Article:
Leather Family Tree
Karen Johnson creates a leather and wire photo family tree.
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Materials and Tools:
5' chamois (for auto care)
40' copper wire
glue gun and hot glue
leather oval shape
2, 8-1/2" x 11" suede leather sheet
alphabet metal stamps
7 large-holed beads
14 small beads
7 gold charms
7 gold head pins
gold embossing powder
slow-drying pigment inkpad
taupe and straw-colored inkpads
7 photos (or 14 if double-sided)
craft foam sheet
leaf-shaped craft punch
Xyron adhesive machine
1. Bend copper wire into seven branches, a twisted trunk and seven or eight roots. The roots serve as a base to stabilize the tree.
2. Cut eight 1-inch strips of chamois and wrap over the branches and one or two roots and glue ends in place. Drape and wrap the rest of the chamois around the trunk and hot-glue to hold in place.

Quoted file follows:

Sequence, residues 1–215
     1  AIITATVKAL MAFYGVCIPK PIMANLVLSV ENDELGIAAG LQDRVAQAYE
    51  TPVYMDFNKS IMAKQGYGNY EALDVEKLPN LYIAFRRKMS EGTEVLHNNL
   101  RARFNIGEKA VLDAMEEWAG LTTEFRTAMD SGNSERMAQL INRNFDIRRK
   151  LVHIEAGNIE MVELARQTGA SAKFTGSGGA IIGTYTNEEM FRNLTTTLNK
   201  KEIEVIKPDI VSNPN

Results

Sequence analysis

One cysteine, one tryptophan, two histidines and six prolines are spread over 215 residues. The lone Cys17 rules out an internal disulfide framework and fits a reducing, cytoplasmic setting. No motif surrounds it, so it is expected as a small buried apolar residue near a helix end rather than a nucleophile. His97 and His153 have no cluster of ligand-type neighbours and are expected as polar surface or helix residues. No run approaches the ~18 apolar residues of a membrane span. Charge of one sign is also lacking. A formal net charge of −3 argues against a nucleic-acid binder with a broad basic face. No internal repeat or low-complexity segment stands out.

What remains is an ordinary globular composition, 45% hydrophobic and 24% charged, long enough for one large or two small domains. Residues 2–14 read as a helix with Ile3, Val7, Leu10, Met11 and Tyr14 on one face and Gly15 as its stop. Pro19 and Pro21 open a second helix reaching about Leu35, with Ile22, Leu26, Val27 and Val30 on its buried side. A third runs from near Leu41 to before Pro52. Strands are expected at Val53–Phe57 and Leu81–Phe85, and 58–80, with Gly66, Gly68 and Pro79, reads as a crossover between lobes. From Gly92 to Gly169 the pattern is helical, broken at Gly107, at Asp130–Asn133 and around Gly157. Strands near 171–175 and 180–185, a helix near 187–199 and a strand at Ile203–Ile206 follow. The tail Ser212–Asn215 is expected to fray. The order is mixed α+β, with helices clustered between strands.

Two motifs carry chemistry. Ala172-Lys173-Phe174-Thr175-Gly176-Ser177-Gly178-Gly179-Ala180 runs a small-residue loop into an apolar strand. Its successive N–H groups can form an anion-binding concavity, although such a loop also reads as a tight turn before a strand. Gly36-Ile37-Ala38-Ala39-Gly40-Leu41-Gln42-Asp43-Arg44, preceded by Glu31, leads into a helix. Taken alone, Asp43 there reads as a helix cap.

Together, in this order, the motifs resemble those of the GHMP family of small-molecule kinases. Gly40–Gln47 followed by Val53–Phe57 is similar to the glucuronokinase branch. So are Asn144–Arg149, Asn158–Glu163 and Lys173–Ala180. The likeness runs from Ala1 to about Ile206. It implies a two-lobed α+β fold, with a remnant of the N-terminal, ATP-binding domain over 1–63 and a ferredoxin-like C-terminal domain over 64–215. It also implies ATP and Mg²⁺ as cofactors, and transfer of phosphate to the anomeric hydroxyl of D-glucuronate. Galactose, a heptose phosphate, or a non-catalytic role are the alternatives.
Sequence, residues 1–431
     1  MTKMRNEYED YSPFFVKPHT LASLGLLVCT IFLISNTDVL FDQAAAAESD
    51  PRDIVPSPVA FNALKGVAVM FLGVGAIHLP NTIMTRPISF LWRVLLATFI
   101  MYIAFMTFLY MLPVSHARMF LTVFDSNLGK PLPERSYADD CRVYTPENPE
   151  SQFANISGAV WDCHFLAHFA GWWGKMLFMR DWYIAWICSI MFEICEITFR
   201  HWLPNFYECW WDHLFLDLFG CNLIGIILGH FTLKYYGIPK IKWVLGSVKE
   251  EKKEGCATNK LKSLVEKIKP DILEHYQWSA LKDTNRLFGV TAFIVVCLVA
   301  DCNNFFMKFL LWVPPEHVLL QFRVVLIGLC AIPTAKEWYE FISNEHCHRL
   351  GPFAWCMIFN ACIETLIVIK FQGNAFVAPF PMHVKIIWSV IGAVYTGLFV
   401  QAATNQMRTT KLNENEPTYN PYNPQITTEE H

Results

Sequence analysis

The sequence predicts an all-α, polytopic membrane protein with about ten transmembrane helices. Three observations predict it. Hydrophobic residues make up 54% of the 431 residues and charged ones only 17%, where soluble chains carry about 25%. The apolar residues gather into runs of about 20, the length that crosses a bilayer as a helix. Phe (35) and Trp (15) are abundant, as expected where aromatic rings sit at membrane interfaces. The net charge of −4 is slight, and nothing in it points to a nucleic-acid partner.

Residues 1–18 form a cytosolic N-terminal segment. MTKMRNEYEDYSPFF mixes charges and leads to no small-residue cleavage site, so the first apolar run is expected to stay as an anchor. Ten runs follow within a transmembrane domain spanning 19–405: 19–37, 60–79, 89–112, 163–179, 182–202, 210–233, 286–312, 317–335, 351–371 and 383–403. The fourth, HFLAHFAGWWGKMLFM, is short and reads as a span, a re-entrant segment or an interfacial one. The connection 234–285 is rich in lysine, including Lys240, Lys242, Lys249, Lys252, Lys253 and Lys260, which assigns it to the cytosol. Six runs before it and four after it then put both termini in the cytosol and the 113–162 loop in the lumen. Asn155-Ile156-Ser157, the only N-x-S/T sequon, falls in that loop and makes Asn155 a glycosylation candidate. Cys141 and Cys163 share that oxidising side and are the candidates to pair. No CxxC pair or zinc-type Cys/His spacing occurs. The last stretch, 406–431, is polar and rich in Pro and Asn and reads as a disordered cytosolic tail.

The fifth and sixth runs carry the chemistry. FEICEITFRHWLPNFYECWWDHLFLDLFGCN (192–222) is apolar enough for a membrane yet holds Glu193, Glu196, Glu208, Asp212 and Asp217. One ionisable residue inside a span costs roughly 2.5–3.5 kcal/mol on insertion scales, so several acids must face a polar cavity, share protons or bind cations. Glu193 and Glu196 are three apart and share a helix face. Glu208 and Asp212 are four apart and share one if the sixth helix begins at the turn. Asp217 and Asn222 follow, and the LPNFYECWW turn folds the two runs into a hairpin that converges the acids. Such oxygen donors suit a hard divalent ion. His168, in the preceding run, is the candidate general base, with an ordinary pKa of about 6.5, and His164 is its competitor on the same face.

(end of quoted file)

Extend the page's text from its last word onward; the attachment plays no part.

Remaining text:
3. Make your own frame rubber stamps by drawing a design onto a thick foam sheet and cut out with scissors.
4. Tap gold inkpad directly onto the frame shape. Place the inked foam frame onto a section of the suede sheet pressing evenly with thumbs. Lift off and sprinkle freshly stamped image with gold embossing powder. Tap on back of suede to remove excess powder. Melt embossing powder with the heat tool. Cut out the frame.
6. Cut 12 inches of ribbon for each frame. Make a loop with four inches of ribbon. Add a bead around both ends sliding bead up one inch from the top of the ribbon loop. Tie a bow with rest of the ribbon and glue below the bead onto the ends of the loop. Trim. Glue to frame.
7. Pierce the bottom of each frame with awl to poke a hole.
8. Attach a charm to the gold head pin and add beads. Poke pin through the hole in the leather and bend to secure.
10. Wipe a wet sponge over the leather oval to condition for stamping. Use alphabet metal stamps and a mallet to spell out an oval nameplate (i.e., Our Family Tree). Age the nameplate with gold, straw and taupe-colored inkpads along the edges and the top of the oval. Embellish with punched out copper leaf shapes. Glue nameplate onto the top of the trunk.
Candace Marquette combines her art backround with her love of recycling objects to create a leather purse.